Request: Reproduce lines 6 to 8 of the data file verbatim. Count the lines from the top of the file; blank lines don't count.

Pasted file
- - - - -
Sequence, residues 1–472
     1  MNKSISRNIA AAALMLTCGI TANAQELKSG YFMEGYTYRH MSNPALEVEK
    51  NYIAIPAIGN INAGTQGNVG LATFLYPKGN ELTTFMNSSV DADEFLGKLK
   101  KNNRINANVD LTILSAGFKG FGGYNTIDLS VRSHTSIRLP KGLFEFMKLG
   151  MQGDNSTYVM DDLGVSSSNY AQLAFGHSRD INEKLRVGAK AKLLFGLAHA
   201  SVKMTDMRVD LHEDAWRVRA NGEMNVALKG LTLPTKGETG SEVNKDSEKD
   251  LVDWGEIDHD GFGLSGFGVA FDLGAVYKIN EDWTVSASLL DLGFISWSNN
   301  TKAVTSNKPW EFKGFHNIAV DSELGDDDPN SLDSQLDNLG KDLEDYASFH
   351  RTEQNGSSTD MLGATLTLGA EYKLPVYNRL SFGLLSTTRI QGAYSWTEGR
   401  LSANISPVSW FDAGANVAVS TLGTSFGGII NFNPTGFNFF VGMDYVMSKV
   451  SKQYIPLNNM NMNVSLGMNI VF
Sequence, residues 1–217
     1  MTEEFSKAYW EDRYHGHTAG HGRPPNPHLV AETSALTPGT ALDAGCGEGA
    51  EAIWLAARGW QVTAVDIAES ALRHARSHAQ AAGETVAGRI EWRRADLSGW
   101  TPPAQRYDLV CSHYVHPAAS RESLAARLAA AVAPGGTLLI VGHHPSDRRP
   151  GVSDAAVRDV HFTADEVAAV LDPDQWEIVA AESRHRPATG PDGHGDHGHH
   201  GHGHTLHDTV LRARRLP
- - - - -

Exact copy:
   201  SVKMTDMRVD LHEDAWRVRA NGEMNVALKG LTLPTKGETG SEVNKDSEKD
   251  LVDWGEIDHD GFGLSGFGVA FDLGAVYKIN EDWTVSASLL DLGFISWSNN
   301  TKAVTSNKPW EFKGFHNIAV DSELGDDDPN SLDSQLDNLG KDLEDYASFH